More affordable housing essential to economic development in Palm Beach County: panel

Low- and modest-income families in PBC spend about 67% of their pay on housing and transportation

Miami /
Jun.June 01, 2017 03:45 PM

A robust mix of housing types and prices is critical to continued economic and social development in Palm Beach County, but current trends are pricing many average buyers and renters out of the market, forcing them to live far from their jobs or convincing them to move to other cities.

That was one of the main messages delivered Wednesday to about 500 developers, housing experts, bankers, community leaders and government officials attending the Palm Beach County Housing Summit in West Palm Beach.

Experts, led by Henry Cisneros, the former mayor of San Antonio, Texas, who served as Secretary of Housing and Urban Development under former President Bill Clinton, said that efforts over the past decade to increase affordable and worker-oriented housing in the county have produced very limited results, and warned that public, private and non-profit groups must begin now to implement a consistent, long-term effort to build more affordable and worker housing, or face negative consequences.

Excessive regulatory costs were cited by Cisneros and other speakers as putting the brakes on new affordable and worker housing.

While Palm Beach County is already “a classic high opportunity, high-growth area,” much of the focus is on “creating jobs, not affordable housing,” said Cisneros, who now is chairman of CityView companies, which builds homes for average families in 13 states, and chairman of the executive committee at Siebert, Cisneros, Shank & Co., a Wall Street underwriting and municipal finance firm.

Palm Beach County’s current population is about 1.4 million, he said, and it added 22,000 people between 2015 and 2016.

Cisneros drew a big laugh from the crowd by telling them that, over the years, he has heard his name pronounced “Mayor Sclerosis” and “Mr. Cheesenachos,” and that he was pleased to hear it pronounced correctly in Palm Beach County.

Like other large urban areas, the county faces issues like urban gentrification. “Only people with money can afford to rent or own,” he said. Meanwhile, per capita and household incomes that have not kept up with increases in housing costs and “unfavorable skewing in economic and racial terms.” Also, some established communities don’t want to see new, denser developments located near them for worker housing, and heavy local regulations and fees can add about $80,000 to the cost of an average home, Cisneros said.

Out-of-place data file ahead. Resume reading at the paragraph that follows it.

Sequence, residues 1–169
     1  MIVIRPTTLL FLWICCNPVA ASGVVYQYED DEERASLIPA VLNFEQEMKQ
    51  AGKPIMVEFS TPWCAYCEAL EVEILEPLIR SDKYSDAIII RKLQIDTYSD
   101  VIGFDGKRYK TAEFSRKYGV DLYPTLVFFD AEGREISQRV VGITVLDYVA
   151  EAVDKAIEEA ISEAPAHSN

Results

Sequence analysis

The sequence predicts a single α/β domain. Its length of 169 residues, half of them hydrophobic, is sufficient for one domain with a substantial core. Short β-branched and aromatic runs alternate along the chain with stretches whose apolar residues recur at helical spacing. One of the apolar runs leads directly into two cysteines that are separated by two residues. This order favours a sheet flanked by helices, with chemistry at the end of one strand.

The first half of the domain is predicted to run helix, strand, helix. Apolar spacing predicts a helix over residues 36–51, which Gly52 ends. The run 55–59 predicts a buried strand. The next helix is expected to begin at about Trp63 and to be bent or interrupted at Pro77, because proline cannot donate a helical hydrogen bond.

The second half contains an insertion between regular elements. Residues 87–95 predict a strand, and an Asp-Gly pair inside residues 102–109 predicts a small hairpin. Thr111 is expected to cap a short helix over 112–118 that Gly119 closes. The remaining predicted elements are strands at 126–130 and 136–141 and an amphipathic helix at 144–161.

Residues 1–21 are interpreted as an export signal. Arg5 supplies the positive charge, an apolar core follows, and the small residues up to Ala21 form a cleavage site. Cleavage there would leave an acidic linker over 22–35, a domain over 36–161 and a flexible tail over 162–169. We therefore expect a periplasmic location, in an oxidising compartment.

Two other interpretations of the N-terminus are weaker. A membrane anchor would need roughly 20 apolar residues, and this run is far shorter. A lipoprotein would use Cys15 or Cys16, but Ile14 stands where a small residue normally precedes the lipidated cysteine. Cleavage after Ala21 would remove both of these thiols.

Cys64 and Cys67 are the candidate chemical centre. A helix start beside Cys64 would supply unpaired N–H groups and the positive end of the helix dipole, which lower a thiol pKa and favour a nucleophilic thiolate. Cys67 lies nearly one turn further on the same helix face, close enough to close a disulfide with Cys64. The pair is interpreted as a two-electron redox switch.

If urban areas like Palm Beach County want to continue attracting big economic engines and job creators like major hospitals and universities, they need to establish more affordable housing near work centers to improve the quality of life for residents. 

“We’re part of a global urban renaissance … and Palm Beach County is at a point of inflection,” said Cisneros. “Its rates of population growth and economic development will determine what its role will be not only in South Florida, but also in the system of U.S. cities. The [current] federal government is not only withdrawing from equity, but also from housing,” where it has traditionally played an important role. “Local governments will have to fill the gap.”

Some solutions? Affordable and workforce housing must be assigned top priority. “It is not a sidebar issue,” he said. And the county needs to put together an effective, structured long-term program for developing affordable housing that brings together public, private and community groups

In addition, echoing suggestions made by other speakers at the summit, Cisneros pointed to solutions like focusing more investments on designing and developing lower-cost housing; turning to smaller units, perhaps prefab or manufactured housing (that meets Florida’s building codes); “lifespan homes” for older people that are general smaller and offer safety amenities like a no-step front door, lower placement of cabinets and internal lighting (like emergency floor lights on airplanes) that guide residents to exits or bathrooms at night.

Palm Beach County’s affordable housing issues are shared by Broward and Miami-Dade counties, participants said.

Speaking before Cisneros, a prominent expert on city planning and economic development from Florida International University gave some startling figures on the status of affordable housing in Palm Beach County, pointing out that even as the population has grown in the county, home ownership (with mortgages) between 2006 and 2015 fell 12.6 percent, from 237,303 to 209,277.